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174

THE LADY TO HER LOVER'S PICTURE.

Thy heart doth wrong me, if it hath not told
That she who loved of old

So deeply, still awaits thee, loving yet:

She loves, she watches-why dost thou forget?

Upon what pleasant shore or summer waters
Dost thou repose? Hath Time,

Or the dark witchery of the Indian daughters,
Or some luxurious clime,-

The natural love of change, or graver thought,

Or new ambition, all my misery brought?

Why art thou absent? Is not all thy toil
Done on that burning soil?

Are thy dreams unaccomplished? Let them go :
She, who stood by thee once, in want and wo,
And would have dared all dangers, hand in hand,

Hath risen! A maiden peeress of the land,
She woos thee to behold and share her state,
And be by fortune, as by nature, great.

Still am I young! but wrinkled age will steal
Upon me unawares, should'st thou delay;
And Time will kiss these auburn locks to grey;
And grief will quench mine eyes; and I shall feel
That thou can'st love me not (all beauty flown),
And so I shall depart and die alone.

And then thou'lt hear no more of one whose course
Hath been so dark; until too-late remorse,

THE PORTRUT

Half wakening love, shall lead then, s me than a day,
To where the marble hi des my moi, lening clay,

And there thoult rea -ere hagy

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THE PORTRAIT.

EFT of the absent! whose illu.ve pow r
Can cheat remembrance of her lone at hom
Still with sad constans y to ther I tuin,
Like Sorrow in gering o'er bor konul

In mute abstraction gazing on tachi ja ka

That my heart worships in this angel lans
The faultless outline, and the cladba dhan,
Shadowing the features eloqun of law,
The deep blue eyes, which fout mong bago
The hallowed charm of ontuons de wide an

(Nature's sweet tall man for mu

Speak to my woul

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174

THE LADY TO HER LOVER'S PICTURE.

Thy heart doth wrong me, if it hath not told
That she who loved of old

So deeply, still awaits thee, loving yet:

She loves, she watches-why dost thou forget?

Upon what pleasant shore or summer waters
Dost thou repose? Hath Time,

Or the dark witchery of the Indian daughters,
Or some luxurious clime,-

The natural love of change, or graver thought,
Or new ambition, all my misery brought?

Why art thou absent? Is not all thy toil
Done on that burning soil?

Are thy dreams unaccomplished? Let them go :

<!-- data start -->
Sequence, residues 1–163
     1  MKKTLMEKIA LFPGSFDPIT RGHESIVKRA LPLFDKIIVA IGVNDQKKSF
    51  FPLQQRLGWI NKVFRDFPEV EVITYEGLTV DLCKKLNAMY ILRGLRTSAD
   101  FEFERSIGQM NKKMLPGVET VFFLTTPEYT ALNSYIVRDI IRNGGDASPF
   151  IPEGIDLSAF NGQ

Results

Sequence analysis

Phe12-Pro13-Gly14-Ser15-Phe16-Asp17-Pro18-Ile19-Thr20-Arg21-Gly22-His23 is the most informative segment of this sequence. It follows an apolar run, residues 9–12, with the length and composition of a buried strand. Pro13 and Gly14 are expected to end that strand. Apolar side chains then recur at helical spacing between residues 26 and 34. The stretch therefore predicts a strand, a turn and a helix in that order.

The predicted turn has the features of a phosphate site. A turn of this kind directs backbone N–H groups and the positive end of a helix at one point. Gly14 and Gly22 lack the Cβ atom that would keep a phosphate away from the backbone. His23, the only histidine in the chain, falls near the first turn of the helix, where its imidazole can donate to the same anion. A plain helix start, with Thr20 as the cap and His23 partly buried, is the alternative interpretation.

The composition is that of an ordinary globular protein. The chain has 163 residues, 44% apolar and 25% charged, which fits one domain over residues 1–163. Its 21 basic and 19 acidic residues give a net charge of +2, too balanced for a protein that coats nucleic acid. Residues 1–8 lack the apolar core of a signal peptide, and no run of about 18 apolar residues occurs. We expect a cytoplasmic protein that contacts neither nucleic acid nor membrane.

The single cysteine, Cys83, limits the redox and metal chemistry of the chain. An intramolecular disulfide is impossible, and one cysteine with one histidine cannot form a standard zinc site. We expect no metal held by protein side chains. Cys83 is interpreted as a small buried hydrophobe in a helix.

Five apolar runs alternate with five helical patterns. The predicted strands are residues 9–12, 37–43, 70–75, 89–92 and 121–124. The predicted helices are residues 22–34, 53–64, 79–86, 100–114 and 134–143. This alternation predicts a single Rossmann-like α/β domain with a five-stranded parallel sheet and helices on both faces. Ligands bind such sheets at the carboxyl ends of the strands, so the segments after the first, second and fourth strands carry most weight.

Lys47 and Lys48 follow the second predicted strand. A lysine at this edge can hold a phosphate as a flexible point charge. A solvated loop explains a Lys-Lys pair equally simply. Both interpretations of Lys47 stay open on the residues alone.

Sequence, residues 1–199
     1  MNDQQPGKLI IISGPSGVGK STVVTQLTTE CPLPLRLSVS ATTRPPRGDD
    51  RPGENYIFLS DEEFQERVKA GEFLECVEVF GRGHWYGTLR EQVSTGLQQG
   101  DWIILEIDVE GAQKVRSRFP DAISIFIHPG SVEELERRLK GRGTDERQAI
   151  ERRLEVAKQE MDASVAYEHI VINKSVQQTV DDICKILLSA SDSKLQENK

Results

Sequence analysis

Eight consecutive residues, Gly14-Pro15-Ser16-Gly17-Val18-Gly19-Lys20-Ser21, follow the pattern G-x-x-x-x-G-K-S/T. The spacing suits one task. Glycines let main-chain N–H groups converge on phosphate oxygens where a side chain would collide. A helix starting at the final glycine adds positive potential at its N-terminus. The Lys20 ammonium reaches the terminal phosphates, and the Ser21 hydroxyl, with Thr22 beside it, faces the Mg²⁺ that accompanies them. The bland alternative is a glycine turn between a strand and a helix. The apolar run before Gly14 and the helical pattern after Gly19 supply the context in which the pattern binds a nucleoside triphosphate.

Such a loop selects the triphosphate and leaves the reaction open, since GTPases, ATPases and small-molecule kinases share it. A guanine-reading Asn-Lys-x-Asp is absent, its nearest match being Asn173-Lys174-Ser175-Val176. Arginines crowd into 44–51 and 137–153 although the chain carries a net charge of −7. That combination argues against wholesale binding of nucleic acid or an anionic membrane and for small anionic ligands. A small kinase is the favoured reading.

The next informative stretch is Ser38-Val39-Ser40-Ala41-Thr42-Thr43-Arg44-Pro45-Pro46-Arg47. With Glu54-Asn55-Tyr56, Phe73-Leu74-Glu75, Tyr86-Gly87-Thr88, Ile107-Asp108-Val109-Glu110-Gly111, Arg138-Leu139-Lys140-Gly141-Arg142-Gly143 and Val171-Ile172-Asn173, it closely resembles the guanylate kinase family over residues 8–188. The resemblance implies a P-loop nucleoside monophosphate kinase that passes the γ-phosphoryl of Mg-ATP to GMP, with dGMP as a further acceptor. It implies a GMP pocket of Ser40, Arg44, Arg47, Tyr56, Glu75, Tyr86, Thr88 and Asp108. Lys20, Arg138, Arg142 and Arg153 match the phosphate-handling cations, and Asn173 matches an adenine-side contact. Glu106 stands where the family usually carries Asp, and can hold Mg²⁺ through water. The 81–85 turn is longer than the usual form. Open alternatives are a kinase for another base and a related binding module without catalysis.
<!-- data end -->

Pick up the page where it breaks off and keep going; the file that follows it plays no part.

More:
She, who stood by thee once, in want and wo,
And would have dared all dangers, hand in hand,

Hath risen! A maiden peeress of the land,
She woos thee to behold and share her state,
And be by fortune, as by nature, great.

Still am I young! but wrinkled age will steal
Upon me unawares, should'st thou delay;
And Time will kiss these auburn locks to grey;
And grief will quench mine eyes; and I shall feel
That thou can'st love me not (all beauty flown),
And so I shall depart and die alone.

And then thou'lt hear no more of one whose course
Hath been so dark; until too-late remorse,

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176

A MOTHER TO HER ABSENT SON.

TO A PORTRAIT.

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HALL I compare thee to a summer's day?
Thou art more lovely and more temperate;
Rough winds do shake the darling buds of May
And summer's lease hath all too short a date:
Sometime too hot the eye of heaven shines,

And often is his gold complexion dimmed;
And every fair from fair sometime declines,

By chance, or nature's changing course, untrimmed.
But thy eternal summer shall not fade

Nor lose possession of that fair thou owest;

Nor shall death brag thou wanderest in his shade,
When in eternal lines to time thou growest.

So long as men can breathe, or eyes can see,

So long lives this, and this gives life to thee.

SHAKESPEARE.

A MOTHER TO HER ABSENT SON.

HERE art thou, my beloved son?

Where art thou, worse to me than dead!
Oh, find me, prosperous or undone !

Or if the grave be now thy bed,

Why am I ignorant of the same,
That I may rest; and neither blame
Nor sorrow may attend thy name?

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